Can I get a higher refresh rate than 60Hz?


#1

Hello,

I just bought a “Plugable USB to VGA Adapter”, and I have it plugged into a 17" CRT monitor. I’m running Windows 7 on my laptop, and the device is working fine, but I can’t get the the device to put out a refresh rate higher 60Hz.

My CRT screen flickers at 60Hz, so I want to get it up to 75Hz. I know that the adapter itself is only updated 60 times a second, but I think I should be able to have my screen update itself at 75Hz.

Is this a limitation of the adapter?

(I couldn’t find my adapter on the list…the one I bought is: http://plugable.com/products/USB-VGA-…)


#2

Hi Nathan,

Thanks for posting! I can give some background, but whether a higher refresh rate can be offered, depends on a combination of factors.

The DisplayLink chip itself can definitely do a 75Hz update rate on a 17" CRT (I assume your monitor is at most 1600x1200 resolution? The adapter can handle much higher pixel clocks)

But the default resolution and refresh rate is determined by what modes the monitor tells the OS (and DisplayLink driver) through the Extended Display Identification Data (EDID) it returns. By default, the DisplayLink driver will tell the DisplayLink chip to set the monitor’s one native preferred mode, and leave it at that (whether it’s 60Hz, 75Hz or other).

Then other refresh rates offered in the EDID may also be offered in Windows, plus a fixed set of Windows modes (1024x768,…). For example, running a Plugable adapter on a system with an Intel GPU, and connecting with a Samsung SyncMaster 941BW LCD monitor running at 1440x900 the default refresh rate is 60Hz. I’m able to open advanced properties on the display and change the refresh rate setting to 75Hz.

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Now on an LCD, I can’t notice a difference, so it would be interesting if we could make a similar change on your CRT and notice the refresh rate difference.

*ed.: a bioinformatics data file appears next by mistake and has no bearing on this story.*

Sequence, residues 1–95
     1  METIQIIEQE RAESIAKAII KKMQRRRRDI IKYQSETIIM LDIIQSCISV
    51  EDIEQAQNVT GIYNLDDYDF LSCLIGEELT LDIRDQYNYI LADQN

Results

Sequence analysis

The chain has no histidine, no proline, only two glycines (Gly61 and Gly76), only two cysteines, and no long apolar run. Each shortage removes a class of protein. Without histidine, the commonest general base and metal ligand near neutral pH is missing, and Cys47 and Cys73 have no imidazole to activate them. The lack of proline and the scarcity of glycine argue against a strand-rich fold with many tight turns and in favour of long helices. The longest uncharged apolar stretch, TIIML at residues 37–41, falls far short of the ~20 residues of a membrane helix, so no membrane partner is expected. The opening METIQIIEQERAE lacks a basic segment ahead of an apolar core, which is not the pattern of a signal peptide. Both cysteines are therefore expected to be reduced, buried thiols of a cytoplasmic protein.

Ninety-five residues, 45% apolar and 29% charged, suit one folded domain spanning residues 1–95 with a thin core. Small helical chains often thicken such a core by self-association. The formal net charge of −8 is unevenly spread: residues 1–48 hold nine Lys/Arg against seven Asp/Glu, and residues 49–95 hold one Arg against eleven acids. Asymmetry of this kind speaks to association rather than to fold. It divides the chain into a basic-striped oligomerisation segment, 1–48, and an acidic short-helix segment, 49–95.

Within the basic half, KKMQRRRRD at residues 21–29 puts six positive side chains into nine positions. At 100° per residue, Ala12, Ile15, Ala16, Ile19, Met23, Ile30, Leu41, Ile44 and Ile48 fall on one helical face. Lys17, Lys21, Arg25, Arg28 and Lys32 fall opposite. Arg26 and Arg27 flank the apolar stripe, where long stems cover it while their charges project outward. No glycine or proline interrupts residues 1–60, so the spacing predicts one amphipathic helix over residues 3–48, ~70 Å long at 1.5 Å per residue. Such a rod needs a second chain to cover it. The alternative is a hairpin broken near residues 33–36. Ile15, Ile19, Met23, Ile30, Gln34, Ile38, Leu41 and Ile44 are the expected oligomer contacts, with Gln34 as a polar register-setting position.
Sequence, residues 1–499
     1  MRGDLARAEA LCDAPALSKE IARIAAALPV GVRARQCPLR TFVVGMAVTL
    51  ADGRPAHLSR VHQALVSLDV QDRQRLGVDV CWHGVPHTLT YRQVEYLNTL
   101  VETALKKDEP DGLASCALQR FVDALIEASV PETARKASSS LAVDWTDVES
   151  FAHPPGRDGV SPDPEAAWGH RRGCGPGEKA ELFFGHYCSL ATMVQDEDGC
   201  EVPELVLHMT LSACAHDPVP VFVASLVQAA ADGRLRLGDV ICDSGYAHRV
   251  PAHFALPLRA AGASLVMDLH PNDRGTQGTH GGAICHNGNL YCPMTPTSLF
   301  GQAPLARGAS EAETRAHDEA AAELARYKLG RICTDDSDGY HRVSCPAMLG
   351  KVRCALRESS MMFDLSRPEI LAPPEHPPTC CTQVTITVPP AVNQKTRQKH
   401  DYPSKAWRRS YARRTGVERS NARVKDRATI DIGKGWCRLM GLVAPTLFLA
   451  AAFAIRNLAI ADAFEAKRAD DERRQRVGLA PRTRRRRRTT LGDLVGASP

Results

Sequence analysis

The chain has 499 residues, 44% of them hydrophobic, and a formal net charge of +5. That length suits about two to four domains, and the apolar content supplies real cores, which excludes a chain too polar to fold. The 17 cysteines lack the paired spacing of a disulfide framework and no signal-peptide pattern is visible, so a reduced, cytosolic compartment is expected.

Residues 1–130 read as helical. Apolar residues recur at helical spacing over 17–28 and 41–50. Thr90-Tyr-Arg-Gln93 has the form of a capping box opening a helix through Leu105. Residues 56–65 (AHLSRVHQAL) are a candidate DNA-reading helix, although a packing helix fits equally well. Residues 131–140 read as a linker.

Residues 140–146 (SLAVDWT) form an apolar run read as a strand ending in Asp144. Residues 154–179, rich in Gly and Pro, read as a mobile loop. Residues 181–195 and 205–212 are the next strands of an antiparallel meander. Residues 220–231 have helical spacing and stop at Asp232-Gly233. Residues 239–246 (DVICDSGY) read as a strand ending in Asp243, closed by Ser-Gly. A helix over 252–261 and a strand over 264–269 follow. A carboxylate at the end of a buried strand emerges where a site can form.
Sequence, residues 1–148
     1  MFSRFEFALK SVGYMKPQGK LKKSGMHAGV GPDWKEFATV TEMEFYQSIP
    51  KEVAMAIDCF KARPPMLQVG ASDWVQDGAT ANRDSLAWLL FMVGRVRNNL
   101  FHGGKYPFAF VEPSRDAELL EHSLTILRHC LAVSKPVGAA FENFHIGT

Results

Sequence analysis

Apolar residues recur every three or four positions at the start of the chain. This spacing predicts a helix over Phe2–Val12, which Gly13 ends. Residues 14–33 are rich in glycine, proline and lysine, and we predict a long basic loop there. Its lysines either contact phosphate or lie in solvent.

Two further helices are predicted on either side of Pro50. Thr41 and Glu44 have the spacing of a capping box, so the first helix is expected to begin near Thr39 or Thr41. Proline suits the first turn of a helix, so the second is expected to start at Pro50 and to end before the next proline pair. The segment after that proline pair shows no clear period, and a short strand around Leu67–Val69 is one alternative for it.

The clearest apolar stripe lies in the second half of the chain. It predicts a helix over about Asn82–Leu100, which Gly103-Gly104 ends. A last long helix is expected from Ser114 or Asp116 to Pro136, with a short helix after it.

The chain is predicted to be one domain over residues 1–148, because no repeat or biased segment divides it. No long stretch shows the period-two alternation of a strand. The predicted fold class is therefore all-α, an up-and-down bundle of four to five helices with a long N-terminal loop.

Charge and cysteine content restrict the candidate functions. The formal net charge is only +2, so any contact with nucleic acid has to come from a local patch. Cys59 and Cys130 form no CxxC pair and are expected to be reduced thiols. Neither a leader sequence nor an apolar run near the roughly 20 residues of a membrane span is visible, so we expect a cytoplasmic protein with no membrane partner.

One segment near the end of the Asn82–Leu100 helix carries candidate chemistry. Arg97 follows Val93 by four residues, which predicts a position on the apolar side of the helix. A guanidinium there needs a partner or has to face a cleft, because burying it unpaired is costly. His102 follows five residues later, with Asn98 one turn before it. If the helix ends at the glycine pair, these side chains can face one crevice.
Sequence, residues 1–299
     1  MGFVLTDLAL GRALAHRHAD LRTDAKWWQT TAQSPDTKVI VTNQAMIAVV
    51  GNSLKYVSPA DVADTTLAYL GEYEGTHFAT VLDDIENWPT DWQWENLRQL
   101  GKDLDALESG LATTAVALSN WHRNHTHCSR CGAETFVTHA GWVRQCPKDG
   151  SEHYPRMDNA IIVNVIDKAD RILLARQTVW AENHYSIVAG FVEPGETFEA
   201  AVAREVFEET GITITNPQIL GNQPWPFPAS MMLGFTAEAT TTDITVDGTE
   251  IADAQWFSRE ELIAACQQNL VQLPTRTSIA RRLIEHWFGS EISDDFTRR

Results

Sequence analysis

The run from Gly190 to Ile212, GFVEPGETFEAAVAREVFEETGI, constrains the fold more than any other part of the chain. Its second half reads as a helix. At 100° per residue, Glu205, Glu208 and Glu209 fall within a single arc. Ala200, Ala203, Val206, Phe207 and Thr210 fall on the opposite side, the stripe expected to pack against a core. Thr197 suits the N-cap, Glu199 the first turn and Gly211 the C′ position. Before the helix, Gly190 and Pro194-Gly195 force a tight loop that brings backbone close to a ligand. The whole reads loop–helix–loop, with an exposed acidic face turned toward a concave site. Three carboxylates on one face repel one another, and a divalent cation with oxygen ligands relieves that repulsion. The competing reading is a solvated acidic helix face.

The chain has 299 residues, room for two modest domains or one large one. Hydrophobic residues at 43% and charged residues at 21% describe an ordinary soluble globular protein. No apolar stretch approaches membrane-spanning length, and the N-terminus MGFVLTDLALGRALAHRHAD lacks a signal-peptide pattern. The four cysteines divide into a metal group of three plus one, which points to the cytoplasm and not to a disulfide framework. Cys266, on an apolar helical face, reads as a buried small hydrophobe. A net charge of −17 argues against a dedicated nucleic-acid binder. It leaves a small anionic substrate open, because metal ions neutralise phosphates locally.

What do you see when you open the advanced properties dialog of the monitor?

Thanks for your patience here on Presidents’ Day. :slight_smile:

Best wishes,
Bernie


#3

Thanks for the reply, Bernie.

When my 17" is plugged into the Plugable device and I open the advanced properties dialog, I only see 60Hz as an option.

However, when I plug that monitor into the external VGA port on my laptop, and I go to advanced properties, I have options all the way to 120Hz.

Any ideas?


#4

Hi Nathan,

Unfortunately, there’s not going to be a way to force the DisplayLink adapter to any higher refresh rates than what the monitor offers in it’s EDID.

Here’s what’s happening: there’s kind of a philosophical difference between what your main GPU’s driver is doing and what DisplayLink driver is doing.

The main GPU driver is offering modes/refresh rates that are beyond what the monitor specifically advertises. These may work (they’re likely based on standard VESA timings), but it’s a kind of “buyer beware” thing – for example, you may notice when connected to your laptop VGA that you can set higher refresh rates like 120, but you may notice the picture isn’t properly centered, etc. for the monitor. That’s because it’s not the native timing recommended by the monitor. It’s probably also possible to set modes that come up completely out of sync.

Rather, DisplayLink drivers philosophically stick to what the monitor advertises for its preferred timings in its EDID - it uses exactly those timings. So it should come up good every time on the monitor, without adjustment.

But if the monitor doesn’t explicitly offer alternatives modes/refresh rates in its EDID, DisplayLink won’t add them to Windows’ list of choices. Thus the difference you’re seeing in terms of refresh rates offered.

So, sorry, this is an intentional design decision/tradeoff of the DisplayLink drivers – one that simplifies things and avoids trouble for many users, but limits what power users could do in terms of overriding defaults.

Wikipedia has good gory details on EDID if you want to read more: http://en.wikipedia.org/wiki/Extended…

Also note that LCDs don’t have the issues CRTs used to in terms of refresh rate and visible flicker. It’s nice to put old monitors to use, though.

Hope that helps to at least explain what’s going on, sorry we don’t have a happier answer. Let us know if we can do anything for you.

Best wishes!
Bernie


#5